But the British study saw only a small decline in the breast cancer death rate after 10 years, and it was not statistically significant, meaning it could have occurred by chance. Previous studies also failed to find a statistically significant effect for women in their 40s.
Dr. Nelson’s group did a new analysis combining all the studies. By adding up all the small benefits, the researchers concluded that there was a slight benefit of screening, a statistically significant 15 percent decline in the death rate from breast cancer for women in their 40s.
That means, they said, that 1,900 women ages 40 to 50 must be screened to prevent one death from breast cancer up to 20 years later. At the same time, even with the screening, five deaths would have occurred anyway, probably because many of those cancers grew so fast that no matter how early they were found it was impossible to cure the women. So in the end, 1 out of 6 deaths would have been prevented.
The task force wanted more information. What about the harms of screenings for women in their 40s, it asked?
One harm is excess tests, like biopsies. But there was not much published data.
Dr. Nelson’s group drew upon a National Cancer Institute database of eight million mammograms in the United States telling what sort of mammogram — digital or film — the women got, when they got it, and whether they had follow-up tests. Analyzing those data, she concluded that women in their 40s have about a 10 percent chance of a false positive and a 1 percent chance of having a biopsy each time they have a mammogram. While those risks are small, they gain more significance when weighed against the relatively small risk of cancer for women in their 40s — a risk of 1.5 per of 1,000 women.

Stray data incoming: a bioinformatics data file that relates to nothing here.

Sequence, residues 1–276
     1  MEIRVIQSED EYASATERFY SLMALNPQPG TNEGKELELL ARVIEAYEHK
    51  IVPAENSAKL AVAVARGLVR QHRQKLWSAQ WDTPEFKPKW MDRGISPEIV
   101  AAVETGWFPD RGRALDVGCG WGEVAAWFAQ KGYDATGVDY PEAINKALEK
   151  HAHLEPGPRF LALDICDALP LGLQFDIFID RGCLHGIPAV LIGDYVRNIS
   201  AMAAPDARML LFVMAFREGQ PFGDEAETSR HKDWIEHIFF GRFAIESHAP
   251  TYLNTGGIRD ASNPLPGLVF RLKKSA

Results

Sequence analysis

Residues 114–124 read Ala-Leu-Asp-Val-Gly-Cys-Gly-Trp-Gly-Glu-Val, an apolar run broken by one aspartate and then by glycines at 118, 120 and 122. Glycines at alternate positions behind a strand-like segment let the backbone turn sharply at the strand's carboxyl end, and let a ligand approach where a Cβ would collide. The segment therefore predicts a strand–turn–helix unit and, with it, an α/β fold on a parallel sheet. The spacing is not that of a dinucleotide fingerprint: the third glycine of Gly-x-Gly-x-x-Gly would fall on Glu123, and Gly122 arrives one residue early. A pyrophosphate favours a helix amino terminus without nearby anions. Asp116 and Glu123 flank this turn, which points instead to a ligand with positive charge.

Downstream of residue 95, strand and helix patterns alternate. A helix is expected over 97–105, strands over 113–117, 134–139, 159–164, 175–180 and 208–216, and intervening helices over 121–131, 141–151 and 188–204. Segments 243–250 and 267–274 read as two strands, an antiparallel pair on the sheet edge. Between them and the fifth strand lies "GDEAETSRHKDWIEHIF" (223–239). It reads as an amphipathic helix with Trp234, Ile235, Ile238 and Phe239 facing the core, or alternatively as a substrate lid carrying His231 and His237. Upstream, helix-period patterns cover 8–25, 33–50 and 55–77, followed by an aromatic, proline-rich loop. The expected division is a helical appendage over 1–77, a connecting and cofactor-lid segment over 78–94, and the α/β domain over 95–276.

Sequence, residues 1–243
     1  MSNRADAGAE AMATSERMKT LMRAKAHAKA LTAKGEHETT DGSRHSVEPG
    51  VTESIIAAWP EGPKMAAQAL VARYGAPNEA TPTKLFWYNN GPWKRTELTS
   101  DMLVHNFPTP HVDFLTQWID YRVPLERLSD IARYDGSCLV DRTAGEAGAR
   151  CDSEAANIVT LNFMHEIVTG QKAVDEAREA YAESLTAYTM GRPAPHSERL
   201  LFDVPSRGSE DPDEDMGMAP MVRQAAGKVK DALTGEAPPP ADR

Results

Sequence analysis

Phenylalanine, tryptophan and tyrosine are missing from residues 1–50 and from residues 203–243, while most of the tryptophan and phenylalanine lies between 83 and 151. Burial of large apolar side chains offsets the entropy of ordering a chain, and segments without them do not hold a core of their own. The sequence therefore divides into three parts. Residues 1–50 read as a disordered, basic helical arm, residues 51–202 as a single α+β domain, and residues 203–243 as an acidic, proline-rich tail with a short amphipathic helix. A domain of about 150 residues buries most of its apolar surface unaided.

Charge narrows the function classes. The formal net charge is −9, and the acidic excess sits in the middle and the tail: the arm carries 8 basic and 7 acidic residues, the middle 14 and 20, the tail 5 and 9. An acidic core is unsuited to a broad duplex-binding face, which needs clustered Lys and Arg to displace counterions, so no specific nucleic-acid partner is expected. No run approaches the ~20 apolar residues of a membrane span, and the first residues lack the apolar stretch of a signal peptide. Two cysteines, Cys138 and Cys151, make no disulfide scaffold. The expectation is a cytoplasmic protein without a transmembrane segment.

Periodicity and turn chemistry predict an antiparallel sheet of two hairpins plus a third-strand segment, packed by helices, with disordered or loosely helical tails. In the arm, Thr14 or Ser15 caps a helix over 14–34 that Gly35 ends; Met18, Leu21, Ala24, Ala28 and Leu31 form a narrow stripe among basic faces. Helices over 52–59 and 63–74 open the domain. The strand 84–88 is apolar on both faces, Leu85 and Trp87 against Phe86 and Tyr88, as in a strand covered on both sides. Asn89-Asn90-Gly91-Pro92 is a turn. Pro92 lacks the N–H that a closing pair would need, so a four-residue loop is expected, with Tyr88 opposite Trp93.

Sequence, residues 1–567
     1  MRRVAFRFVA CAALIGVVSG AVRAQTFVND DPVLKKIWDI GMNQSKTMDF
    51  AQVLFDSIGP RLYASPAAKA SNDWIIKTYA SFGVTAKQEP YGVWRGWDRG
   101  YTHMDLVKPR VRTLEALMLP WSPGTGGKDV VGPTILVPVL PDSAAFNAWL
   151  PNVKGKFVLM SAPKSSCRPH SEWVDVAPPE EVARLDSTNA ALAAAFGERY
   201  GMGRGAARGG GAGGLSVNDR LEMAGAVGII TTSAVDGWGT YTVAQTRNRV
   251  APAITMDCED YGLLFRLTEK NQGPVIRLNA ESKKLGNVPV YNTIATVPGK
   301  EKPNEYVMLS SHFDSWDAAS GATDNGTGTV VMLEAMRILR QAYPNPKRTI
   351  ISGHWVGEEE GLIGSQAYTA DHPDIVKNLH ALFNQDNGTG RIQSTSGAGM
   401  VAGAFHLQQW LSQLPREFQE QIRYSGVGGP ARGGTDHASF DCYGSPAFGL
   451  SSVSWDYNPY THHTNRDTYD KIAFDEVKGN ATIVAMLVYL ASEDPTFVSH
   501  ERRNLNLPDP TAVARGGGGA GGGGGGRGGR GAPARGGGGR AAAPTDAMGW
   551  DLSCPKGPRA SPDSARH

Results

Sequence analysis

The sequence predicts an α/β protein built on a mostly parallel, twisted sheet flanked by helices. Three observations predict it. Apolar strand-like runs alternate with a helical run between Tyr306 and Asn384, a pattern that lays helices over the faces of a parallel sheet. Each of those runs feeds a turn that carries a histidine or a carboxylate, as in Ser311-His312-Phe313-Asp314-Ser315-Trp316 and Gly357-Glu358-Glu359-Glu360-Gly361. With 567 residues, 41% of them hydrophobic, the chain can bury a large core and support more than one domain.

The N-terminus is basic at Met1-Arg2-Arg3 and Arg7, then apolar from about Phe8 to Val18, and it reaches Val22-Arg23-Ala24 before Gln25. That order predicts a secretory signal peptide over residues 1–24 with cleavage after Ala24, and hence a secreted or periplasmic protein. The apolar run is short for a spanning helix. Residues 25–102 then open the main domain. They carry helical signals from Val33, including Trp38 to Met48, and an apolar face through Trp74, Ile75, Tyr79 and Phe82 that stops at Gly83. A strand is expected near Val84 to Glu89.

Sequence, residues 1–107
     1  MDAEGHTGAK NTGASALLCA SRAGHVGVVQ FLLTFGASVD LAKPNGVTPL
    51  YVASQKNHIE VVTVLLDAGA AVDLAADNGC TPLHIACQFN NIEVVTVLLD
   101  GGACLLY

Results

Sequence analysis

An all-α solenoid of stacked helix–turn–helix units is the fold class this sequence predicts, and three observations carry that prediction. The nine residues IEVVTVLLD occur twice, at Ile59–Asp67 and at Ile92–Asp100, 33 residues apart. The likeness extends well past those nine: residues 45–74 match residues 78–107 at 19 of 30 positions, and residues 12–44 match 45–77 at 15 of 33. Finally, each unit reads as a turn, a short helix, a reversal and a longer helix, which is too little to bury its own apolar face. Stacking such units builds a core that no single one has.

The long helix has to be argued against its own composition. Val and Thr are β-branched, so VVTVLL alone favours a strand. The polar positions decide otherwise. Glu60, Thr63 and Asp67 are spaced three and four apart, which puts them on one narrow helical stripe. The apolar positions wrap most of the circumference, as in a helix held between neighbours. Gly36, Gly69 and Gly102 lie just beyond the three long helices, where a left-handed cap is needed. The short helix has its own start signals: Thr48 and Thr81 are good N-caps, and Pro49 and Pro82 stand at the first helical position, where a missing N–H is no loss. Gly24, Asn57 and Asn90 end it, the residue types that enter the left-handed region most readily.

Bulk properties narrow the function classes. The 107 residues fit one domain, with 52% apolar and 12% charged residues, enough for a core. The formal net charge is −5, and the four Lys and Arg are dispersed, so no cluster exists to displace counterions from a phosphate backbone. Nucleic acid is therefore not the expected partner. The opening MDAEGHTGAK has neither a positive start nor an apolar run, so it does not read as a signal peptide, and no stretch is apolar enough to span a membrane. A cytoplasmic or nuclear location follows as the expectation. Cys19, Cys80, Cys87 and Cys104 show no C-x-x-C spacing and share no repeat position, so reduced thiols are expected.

The serious harm, panel members said, is overdiagnosis, finding cancers that are better off not being found.
In 2002, when the group last reviewed breast cancer screening studies, the idea of overdiagnosis was not well formed. It has been hard for many people, even scientists, to believe that some cancers start then stop or even regress. But researchers all over the world have been finding overdiagnosis in studies of all sorts of cancers.
Dr. Barnett Kramer of the National Institutes of Health, who was not part of the panel, described overdiagnosis as “pure harm” because it means that women are treated with measures like chemotherapy, radiation and surgery for tumors that do not need treating.
Dr. Russell Harris, who was a panel member and is a professor of medicine at the University of North Carolina, said overdiagnosis “became an issue in discussions and it was not an issue before.”